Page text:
Understanding and managing human error – In a nutshell

Published on 24th June 2016

Understanding and managing human error – In a nutshell, expert advice from John Baker from Silver Moor Consulting

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Humans, all of us, make mistakes. In some industries these mistakes can have really bad consequences – nuclear power, aviation, railways and healthcare for example. In these industries significant effort is spent on eliminating errors, or reducing their consequences.
However, errors happen in every business and you will feel the effects of them. A common response to an error is to sanction the person in some way; either through formal discipline, or by sending them for remedial training. Whilst this may be emotionally satisfying for their manager, ultimately it is futile. After all, in most cases, the person will have felt the consequences of their mistake and will have learned from the experience. However, the ‘system’ that they work within – their workplace, the rules they follow, the stresses they feel and the organisation’s culture – will have shaped their behaviour. And this system won’t change unless we try to find out what effect it has on the people working there. This means that other people in similar situations are likely to make similar mistakes, hurting your business (or themselves).
So, what things should you look for? Well there are really three areas you need to explore:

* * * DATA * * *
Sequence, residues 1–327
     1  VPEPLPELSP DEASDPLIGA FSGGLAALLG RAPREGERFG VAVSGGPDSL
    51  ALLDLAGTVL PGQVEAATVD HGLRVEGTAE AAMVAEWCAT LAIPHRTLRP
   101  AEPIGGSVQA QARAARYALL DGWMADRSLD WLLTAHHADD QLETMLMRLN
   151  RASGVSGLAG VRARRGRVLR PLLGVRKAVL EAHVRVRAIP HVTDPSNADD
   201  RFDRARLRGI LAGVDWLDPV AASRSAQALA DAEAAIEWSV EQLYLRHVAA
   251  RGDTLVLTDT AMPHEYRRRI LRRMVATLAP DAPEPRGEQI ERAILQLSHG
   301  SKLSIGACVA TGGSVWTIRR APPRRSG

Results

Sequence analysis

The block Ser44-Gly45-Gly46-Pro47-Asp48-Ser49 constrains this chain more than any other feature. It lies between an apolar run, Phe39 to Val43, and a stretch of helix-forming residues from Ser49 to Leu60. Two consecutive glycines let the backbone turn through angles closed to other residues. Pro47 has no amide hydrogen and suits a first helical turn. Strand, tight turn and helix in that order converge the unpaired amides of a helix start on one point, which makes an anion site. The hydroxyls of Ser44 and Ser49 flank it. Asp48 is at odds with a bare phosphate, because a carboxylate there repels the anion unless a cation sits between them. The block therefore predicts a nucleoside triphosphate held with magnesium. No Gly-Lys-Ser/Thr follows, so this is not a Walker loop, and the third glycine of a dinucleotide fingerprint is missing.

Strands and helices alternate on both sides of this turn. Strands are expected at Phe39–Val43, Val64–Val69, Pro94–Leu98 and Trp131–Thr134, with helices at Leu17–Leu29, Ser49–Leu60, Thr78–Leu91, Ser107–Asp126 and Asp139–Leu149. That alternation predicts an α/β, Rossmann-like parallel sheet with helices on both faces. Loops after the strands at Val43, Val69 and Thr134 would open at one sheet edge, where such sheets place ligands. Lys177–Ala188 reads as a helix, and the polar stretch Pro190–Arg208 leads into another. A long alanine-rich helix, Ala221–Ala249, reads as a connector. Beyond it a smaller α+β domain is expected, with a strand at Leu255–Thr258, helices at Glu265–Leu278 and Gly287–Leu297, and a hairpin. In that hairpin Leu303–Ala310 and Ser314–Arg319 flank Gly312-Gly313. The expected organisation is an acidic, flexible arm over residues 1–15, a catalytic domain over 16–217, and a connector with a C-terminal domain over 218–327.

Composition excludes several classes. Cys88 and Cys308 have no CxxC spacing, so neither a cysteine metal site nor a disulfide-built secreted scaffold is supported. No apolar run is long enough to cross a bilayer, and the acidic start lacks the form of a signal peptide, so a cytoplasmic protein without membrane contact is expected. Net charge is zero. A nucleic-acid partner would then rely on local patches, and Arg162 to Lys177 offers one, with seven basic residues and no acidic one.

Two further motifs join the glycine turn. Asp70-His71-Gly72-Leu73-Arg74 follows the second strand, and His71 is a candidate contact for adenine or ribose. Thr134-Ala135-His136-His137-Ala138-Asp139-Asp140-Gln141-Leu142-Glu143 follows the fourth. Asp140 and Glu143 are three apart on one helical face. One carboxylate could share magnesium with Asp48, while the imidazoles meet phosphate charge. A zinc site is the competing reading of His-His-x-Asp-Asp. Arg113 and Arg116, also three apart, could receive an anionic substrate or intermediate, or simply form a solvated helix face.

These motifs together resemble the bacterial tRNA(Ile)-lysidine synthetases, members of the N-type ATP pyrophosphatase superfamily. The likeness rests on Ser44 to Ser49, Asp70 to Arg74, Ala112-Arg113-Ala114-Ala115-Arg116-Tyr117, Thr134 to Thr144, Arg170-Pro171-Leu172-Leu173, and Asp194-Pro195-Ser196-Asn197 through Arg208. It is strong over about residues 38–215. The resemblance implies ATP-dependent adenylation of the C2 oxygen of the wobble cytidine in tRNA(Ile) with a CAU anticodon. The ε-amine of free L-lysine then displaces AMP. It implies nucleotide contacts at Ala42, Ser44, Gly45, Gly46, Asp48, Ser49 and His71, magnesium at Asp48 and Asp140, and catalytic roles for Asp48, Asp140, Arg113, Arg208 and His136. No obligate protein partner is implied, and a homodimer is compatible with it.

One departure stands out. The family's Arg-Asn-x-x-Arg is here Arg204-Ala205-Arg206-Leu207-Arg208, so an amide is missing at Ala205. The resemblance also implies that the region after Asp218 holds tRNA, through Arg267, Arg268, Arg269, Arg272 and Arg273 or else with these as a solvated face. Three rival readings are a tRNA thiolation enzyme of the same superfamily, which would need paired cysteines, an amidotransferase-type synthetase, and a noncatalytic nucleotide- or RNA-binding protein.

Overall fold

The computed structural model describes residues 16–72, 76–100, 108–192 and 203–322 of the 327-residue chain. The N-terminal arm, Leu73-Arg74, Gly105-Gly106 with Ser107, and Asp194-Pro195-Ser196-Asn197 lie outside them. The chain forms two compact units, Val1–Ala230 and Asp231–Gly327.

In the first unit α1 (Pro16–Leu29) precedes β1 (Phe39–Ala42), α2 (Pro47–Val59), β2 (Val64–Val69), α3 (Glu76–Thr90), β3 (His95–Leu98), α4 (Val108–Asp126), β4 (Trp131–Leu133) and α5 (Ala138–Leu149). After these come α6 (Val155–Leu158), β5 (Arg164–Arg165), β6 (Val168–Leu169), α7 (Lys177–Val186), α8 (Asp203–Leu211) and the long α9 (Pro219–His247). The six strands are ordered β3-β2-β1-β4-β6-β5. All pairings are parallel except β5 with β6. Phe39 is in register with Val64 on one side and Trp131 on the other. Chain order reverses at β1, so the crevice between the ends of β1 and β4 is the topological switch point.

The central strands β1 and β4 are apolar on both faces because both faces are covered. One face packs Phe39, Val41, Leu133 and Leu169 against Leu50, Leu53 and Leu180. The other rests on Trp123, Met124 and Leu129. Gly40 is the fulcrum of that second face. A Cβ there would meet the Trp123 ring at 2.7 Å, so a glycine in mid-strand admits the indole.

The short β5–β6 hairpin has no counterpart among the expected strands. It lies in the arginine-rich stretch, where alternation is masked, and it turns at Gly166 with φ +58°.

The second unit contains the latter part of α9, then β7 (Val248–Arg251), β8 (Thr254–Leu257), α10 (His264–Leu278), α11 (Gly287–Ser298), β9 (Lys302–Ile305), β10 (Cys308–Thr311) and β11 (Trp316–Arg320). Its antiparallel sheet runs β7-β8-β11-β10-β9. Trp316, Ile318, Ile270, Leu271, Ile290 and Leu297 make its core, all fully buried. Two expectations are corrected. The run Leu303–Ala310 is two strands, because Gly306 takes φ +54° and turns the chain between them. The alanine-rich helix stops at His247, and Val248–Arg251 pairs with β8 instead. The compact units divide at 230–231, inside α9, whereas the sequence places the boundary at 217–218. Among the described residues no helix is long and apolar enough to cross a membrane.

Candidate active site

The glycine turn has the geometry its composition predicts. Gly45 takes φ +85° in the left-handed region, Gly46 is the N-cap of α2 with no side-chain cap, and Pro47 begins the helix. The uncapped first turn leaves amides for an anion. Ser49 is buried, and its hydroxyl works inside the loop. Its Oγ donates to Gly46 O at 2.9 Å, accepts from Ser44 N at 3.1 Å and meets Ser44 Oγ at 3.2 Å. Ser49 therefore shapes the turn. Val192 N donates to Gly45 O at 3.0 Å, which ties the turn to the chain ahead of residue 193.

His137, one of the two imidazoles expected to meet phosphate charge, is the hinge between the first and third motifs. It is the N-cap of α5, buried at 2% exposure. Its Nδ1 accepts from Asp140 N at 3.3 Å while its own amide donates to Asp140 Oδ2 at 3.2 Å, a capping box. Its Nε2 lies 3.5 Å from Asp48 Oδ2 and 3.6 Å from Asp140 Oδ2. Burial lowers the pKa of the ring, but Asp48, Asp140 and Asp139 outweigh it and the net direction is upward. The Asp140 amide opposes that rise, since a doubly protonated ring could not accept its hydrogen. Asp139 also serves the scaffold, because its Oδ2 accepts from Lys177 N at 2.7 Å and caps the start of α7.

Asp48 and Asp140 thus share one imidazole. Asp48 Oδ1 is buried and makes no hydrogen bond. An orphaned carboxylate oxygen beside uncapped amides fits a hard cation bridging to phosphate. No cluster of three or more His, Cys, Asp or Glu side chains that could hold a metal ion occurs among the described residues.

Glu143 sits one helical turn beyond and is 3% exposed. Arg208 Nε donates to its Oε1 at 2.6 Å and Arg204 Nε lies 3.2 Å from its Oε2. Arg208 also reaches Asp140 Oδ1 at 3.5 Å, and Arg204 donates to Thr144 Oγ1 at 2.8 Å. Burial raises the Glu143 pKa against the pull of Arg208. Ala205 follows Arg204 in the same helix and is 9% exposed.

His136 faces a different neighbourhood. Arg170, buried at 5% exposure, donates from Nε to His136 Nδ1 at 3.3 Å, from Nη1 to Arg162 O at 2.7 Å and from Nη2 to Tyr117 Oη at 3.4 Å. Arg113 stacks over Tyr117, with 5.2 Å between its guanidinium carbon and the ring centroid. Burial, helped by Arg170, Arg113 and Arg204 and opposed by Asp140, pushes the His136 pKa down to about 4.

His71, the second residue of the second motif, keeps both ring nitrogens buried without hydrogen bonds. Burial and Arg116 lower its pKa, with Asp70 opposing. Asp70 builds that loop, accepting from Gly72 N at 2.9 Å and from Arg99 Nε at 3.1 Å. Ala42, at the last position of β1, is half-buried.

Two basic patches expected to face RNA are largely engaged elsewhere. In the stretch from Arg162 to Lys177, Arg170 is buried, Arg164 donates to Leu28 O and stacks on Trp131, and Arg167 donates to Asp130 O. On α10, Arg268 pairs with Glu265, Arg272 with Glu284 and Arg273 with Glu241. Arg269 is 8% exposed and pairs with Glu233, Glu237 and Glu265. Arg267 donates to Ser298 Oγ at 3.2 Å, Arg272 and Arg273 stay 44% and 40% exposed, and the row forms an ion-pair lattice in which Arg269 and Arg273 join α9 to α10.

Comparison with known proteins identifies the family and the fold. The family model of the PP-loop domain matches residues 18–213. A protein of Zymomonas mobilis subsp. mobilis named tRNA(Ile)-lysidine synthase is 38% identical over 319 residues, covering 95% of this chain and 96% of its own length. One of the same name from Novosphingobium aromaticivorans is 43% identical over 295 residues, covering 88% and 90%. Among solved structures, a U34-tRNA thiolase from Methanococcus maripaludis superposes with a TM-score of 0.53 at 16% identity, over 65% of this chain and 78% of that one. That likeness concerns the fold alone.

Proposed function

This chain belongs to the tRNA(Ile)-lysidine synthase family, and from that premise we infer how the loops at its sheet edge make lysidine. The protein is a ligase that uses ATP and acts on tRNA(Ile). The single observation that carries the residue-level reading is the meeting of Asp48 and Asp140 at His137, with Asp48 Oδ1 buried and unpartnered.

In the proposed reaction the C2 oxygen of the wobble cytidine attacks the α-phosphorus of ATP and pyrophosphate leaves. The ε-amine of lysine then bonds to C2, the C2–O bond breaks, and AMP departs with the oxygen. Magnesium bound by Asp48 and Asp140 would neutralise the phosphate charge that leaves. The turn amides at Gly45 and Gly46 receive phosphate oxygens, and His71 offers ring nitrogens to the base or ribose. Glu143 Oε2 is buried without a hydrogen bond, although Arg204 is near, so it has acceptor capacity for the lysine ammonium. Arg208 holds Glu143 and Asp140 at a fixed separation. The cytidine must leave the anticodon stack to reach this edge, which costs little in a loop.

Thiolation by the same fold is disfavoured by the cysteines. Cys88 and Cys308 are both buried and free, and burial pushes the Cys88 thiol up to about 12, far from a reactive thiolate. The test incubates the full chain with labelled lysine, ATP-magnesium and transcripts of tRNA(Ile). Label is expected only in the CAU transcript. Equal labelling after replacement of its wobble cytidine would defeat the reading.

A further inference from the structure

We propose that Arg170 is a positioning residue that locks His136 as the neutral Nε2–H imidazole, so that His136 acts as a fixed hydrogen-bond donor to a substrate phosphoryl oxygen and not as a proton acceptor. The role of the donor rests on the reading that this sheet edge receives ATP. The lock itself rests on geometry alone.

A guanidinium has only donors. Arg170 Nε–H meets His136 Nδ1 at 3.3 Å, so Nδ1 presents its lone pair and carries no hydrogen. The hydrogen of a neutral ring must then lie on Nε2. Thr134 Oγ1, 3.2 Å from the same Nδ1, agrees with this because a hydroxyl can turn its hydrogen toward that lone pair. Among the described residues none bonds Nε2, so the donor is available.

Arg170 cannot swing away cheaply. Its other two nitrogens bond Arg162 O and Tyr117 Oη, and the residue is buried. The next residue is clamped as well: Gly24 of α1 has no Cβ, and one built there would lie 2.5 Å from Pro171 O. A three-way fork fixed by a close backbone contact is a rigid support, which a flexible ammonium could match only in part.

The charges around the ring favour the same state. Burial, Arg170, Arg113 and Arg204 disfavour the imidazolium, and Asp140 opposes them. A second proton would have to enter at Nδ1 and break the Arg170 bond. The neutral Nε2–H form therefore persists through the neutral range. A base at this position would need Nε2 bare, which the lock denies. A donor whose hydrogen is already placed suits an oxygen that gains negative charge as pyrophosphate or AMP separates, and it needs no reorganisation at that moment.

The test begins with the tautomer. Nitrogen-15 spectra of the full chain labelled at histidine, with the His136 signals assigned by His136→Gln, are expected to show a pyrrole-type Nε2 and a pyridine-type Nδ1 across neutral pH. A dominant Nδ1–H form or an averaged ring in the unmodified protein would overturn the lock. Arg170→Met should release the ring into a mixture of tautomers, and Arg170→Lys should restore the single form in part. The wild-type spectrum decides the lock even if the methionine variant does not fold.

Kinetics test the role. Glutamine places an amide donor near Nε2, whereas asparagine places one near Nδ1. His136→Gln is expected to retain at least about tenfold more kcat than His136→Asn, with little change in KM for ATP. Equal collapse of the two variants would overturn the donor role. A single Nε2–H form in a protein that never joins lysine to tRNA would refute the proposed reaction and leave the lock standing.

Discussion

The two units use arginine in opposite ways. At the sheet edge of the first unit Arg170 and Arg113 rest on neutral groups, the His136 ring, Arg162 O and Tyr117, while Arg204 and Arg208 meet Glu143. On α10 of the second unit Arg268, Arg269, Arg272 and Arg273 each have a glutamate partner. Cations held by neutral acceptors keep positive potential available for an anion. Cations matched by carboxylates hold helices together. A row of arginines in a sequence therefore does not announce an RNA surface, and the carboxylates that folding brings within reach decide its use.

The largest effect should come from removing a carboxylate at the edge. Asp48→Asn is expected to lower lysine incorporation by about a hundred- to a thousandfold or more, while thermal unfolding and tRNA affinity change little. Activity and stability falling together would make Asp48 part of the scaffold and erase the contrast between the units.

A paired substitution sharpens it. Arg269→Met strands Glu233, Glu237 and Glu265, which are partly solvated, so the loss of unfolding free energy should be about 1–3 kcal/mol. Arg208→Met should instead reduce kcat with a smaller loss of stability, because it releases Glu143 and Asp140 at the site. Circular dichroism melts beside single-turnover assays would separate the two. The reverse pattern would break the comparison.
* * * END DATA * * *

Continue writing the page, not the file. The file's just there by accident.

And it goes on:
• the person involved
• their workplace and,
• the wider organisation.
With the person you should find out if they have the skills, personality, attitude, and risk perception to do the job well.
In the workplace you should look at how the task has been designed, people’s workloads, their working environment and the procedures they need to follow.

In the wider organisation, culture plays a major role in how people behave. For example, how your leaders and managers are seen to behave will have a major effect on the behaviour of the people who work for them.
Mistakes provide a real opportunity to learn and improve your business – and there are plenty of simple tools and techniques you can use to uncover these underlying causal factors.
Mistakes happen – take the time to learn from them.

John Baker
Silver Moor Business Consulting LLP
[email protected]


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